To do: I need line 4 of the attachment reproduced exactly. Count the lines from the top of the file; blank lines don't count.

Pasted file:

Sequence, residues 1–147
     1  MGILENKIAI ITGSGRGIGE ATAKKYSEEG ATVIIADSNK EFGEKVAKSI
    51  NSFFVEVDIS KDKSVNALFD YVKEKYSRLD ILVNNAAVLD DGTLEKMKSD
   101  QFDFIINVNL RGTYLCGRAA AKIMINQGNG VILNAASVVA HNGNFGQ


   101  QFDFIINVNL RGTYLCGRAA AKIMINQGNG VILNAASVVA HNGNFGQ